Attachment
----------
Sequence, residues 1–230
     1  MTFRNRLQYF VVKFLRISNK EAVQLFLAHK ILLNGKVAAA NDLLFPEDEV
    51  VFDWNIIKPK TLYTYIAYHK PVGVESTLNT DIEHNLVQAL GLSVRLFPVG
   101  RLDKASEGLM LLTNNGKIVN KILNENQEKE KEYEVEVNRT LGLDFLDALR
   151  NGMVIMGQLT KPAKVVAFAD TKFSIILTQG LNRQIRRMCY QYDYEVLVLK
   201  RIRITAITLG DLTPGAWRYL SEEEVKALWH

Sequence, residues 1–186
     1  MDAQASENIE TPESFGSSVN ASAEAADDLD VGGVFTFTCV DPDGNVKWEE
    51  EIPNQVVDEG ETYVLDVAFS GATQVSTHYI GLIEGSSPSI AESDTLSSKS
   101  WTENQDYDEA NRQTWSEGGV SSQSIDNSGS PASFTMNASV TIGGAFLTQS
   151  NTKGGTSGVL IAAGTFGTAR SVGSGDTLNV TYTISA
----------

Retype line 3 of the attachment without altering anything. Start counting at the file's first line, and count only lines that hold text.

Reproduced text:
    51  VFDWNIIKPK TLYTYIAYHK PVGVESTLNT DIEHNLVQAL GLSVRLFPVG